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Published on December 31st, 2015 📆 | 6991 Views ⚑

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Anonymous to release documents to prove Steven Avery is framed by police in a murder case

Anonymous gets involved in Steven Avery case, claiming police corruption
It is well known that the online hacktivist group, Anonymous takes sides against the police brutality. This time it has chose to side with Steven Avery who the police say murdered 25-year-old photographer Teresa Halbach Anonymous says it has evidence that could exonerate Steven Avery, the star of a recently released Netflix documentary series called “Making a Murderer.” It said it would get involved in the legal dispute between the Manitowoc County Sheriff Department and Steven Avery to reveal police corruption.

Steven Avery, was accused and sent to prison in 1985 for the rape of a Manitowoc (Wisconsin) woman, Penny Beerntsen. He served 18 years in jail and was released in 2003, the same year when he was exonerated for his crime, following DNA analysis.

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In 1985, Avery was charged with the sexual assault and rape of Manitowoc (Wisconsin) woman, Penny Beerntsen, and was sentenced to 32 years in prison for the rape as well as other alleged crimes. After a number of unsuccessful appeals and a petition for DNA testing, attorneys from the Wisconsin Innocence Project, which seeks to exonerate innocent prisoners, obtained a court order that allowed a state crime laboratory to perform DNA testing on hairs found on Beerntsen at the crime scene. Avery was exonerated in 2003 following DNA analysis after spending 18 years in jail, as the evidence linked the hairs to convicted felon Gregory Allen.

Two years later, Avery filed a $36 million civil suit against Manitowoc County, accusing the Sherrif’s Department of finding and not releasing evidence that would have released him from jail years earlier.

However, when Avery in midst of the lawsuit against the county, he was arrested for a new crime: the murder of a woman named Teresa Halbach, a photographer for Auto Trader Magazine. Halbach, who reportedly scheduled a meeting with Avery to photograph a car at his family’s auto salvage yard on Halloween of 2005, disappeared that day. Less than two weeks later, Avery was charged with the photographer’s murder. Though Avery claimed that police were trying to frame him, he was found guilty of Halbach’s murder in 2007 and was sentenced to life in prison without the possibility of early release.

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The series provides viewers with plenty of reasons to believe Avery was indeed Halbach’s murderer. Avery could have very well been the last person to see Halbach. When Halbach failed to return home, a search began which led to Avery’s family property. Shortly afterwards, police found bone fragments, teeth, a camera and mobile phone pieces in a burn pit near Avery’s trailer. They were later confirmed to be Halbach’s. Authorities also found Avery’s blood inside Halbach’s car, along with Ms Halbach’s. Also, Avery’s DNA was found on her car keys and Halbach’s DNA was discovered on bullet fragment found in Avery’s garage.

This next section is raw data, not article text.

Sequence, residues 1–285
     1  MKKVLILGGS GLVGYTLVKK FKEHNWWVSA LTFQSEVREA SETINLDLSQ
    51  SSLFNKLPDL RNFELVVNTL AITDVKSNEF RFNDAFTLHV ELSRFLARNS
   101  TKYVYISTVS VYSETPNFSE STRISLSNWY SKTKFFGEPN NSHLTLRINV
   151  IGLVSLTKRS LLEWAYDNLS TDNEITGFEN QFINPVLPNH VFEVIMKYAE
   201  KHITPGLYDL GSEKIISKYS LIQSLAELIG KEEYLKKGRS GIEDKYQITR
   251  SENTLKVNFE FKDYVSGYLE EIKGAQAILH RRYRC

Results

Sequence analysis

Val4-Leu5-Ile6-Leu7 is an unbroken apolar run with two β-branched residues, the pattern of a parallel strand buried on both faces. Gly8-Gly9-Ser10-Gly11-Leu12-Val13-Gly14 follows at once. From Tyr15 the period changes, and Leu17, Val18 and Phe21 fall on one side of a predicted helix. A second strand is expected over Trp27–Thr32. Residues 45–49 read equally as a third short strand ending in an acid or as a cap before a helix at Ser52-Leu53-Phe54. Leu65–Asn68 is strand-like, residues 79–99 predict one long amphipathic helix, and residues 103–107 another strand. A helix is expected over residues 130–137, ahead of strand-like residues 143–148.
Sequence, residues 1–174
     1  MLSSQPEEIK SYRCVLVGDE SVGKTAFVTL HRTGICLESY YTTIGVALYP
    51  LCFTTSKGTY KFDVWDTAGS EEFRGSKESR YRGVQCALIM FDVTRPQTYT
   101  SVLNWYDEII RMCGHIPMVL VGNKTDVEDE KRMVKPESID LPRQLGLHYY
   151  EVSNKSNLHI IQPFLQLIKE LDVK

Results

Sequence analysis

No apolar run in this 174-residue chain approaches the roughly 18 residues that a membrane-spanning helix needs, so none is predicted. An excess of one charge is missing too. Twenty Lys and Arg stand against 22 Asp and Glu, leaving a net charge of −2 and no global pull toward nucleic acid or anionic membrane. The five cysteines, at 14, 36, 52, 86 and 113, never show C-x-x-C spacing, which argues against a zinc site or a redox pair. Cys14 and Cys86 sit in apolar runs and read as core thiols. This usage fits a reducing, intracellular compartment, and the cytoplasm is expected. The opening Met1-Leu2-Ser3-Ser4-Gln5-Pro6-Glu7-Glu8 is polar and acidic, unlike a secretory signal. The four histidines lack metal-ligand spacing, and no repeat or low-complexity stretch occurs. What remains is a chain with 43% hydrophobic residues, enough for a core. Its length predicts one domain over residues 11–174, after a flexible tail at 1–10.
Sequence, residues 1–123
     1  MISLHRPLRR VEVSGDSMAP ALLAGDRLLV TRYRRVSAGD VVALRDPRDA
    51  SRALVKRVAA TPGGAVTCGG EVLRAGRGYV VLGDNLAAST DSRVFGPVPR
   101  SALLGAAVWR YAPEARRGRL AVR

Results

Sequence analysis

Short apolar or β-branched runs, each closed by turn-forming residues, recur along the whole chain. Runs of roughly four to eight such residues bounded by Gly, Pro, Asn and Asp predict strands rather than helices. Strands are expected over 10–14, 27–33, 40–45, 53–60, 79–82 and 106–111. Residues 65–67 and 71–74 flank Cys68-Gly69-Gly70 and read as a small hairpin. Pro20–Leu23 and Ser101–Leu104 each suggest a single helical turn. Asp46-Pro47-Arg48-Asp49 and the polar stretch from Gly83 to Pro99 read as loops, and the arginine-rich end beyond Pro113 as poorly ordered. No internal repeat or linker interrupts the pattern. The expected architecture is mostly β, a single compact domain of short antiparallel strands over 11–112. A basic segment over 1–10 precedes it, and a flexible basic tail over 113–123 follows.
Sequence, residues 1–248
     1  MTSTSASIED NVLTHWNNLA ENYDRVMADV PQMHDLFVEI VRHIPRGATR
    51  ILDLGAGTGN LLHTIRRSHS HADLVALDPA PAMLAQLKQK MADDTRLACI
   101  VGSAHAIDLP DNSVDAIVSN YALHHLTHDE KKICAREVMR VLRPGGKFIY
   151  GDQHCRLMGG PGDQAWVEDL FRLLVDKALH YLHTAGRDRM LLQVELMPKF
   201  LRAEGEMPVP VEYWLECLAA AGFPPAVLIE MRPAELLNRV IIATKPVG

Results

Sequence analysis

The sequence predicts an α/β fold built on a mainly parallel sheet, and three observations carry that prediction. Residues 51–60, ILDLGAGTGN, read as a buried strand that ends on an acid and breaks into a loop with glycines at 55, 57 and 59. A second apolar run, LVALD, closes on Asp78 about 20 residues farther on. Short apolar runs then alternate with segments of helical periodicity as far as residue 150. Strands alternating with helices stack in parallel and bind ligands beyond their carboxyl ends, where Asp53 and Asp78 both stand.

Avery’s nephew, Brendan Dassey who was also found guilty of intentional homicide for Halbach’s death, confessed to helping Avery commit the murder.

The Sheriff’s Department Sergeant Andrew Colborn and Sheriff’s Department Lieutenant James Lenk, two of the people involved in the murder investigation and responsible for finding crucial evidence, were also two of the people named in the civil lawsuit.

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In 2007, both Avery and his nephew were sentenced to life in prison without parole.

On December 18, Netflix released a ten-episode documentary called “Making a Murderer,” which investigated all of Mr. Avery’s crimes don’t shy away from suggesting that there is validity to Avery’s protestation of a plot by law enforcement to frame him.

Some members of the Anonymous group announced their intentions to investigate the case following the uproar created by the documentary, but by using some non-standard methods.

Using the new Twitter account @OPAveryDassey, the group promised to release evidence on Tuesday that shows that two Manitowoc County, Wisconsin Police officers, Andrew Colborn and James Lenk, were conspiring in the case against Avery and his cousin Brendan Dassey. Anonymous gave police 48 hours to release phone records between Colborn and Lenk and an evidence list that would show the officers’ behaviour at the time of the investigation.

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